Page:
Ender's Game

Discuss all things pertaining to the EnderVerse milieu.
t.m.bitker
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Ender's Game

Postby t.m.bitker » Tue Sep 07, 2010 7:20 pm

I thought the novel "Ender's Game" was very interesting to read. The author tries very hard to justify that Ender fighting is alright, but if anyone else were to be that violent it would be wrong, in my opinion.

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neo-dragon
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Postby neo-dragon » Tue Sep 07, 2010 7:42 pm

Why do you think so?
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Postby spanish_rockette » Tue Sep 07, 2010 8:25 pm

yeah, Ender was using self defense, i know i would.
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Postby Psudo » Wed Sep 08, 2010 5:53 am

Was it self-defense to go after the Buggers at their homeworld? Were they ever going to come back to Earth?

I think the point of Ender's Game is to make us question our easy answers like "Violence is wrong." and "It's OK because it's self-defense." These answers are true, mostly, usually, typically. But there are exceptions, always exceptions, and we have to learn to think of things in their own context without always using soundbites to do our thinking for us.

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Postby spanish_rockette » Thu Sep 09, 2010 7:27 pm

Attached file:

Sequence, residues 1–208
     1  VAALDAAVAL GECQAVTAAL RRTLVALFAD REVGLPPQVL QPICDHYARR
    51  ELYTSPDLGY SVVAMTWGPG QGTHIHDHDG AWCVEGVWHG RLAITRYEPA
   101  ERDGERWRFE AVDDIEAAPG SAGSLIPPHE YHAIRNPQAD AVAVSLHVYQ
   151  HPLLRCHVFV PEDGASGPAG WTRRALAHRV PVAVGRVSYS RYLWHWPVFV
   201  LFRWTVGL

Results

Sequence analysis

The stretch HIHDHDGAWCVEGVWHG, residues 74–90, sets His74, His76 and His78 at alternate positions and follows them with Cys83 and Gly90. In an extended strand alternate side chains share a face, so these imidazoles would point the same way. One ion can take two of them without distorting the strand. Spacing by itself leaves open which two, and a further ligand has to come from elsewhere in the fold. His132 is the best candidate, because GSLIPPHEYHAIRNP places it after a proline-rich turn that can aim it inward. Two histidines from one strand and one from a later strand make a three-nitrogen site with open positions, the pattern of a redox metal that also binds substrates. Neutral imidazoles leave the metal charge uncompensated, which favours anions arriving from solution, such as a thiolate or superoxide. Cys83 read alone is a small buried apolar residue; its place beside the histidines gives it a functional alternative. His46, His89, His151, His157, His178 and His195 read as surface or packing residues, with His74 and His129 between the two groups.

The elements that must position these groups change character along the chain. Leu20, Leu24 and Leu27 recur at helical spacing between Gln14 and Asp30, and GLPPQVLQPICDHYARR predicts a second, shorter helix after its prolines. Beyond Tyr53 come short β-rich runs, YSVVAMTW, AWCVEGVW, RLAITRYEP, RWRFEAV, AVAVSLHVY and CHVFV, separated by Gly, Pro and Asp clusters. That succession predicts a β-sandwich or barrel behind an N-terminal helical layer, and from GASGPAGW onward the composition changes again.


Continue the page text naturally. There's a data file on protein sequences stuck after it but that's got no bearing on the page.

i never really thougth of that.
"leaving both her husbands behind, the one whose life had a monument and a book, and the one whose only monument was in her heart."

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Postby neo-dragon » Fri Sep 10, 2010 12:36 pm

I would say that attacking the Bugger homeworld was self-defense based on the information that the I.F. had. Namely, that the Buggers had attacked Earth twice already and communication appeared to be impossible.

But as Psudo says, such things are rarely simple. For instance, as I discussed in another thread, I believe that Ender was justified in defending himself against Stilson, but the extent to which he did so was not justified based on the threat. Still, I don't blame Ender because he was a scared six year old and to him it no doubt seemed like he was in danger of suffering serious harm.
"Deep in the human unconscious is a pervasive need for a logical universe that makes sense. But the real universe is always one step beyond logic."
- Frank Herbert's 'Dune'

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Postby Janus%TheDoorman » Fri Sep 10, 2010 9:54 pm

The ethics of death and violence are just about the oldest question in the book - they're another way of asking what the meaning of life is. You must know the meaning of life to know what it is to take it.

You'd be surprised at how subtle and varied our opinions on when it's right and okay to kill someone are, but also on how universal they are. Consider the Trolley Problem where there are subtle differences in the different way the question is asked that wouldn't seem to make any difference based on the many moral and ethical theories of justice we have, but produce nearly the same results across different cultures and different times.

Most of our morality when it comes to death seems to be instinctual - hard-coded into us by evolution, but that doesn't make it any easier to sort out what may or may not be right based on some higher truth, or even what that higher truth might be.

We tend to treat Ender's Xenocide as a far off metaphorical ethical question, but it's really not that different from the question faced by Harry Truman during WW2 - use a weapon of mass destruction and almost certainly put an end to a war, or stretch things out and risk the consequences of the future? I won't even pretend to know what the right answer is.
"But at any rate, the point is that God is what nobody admits to being, and everybody really is."
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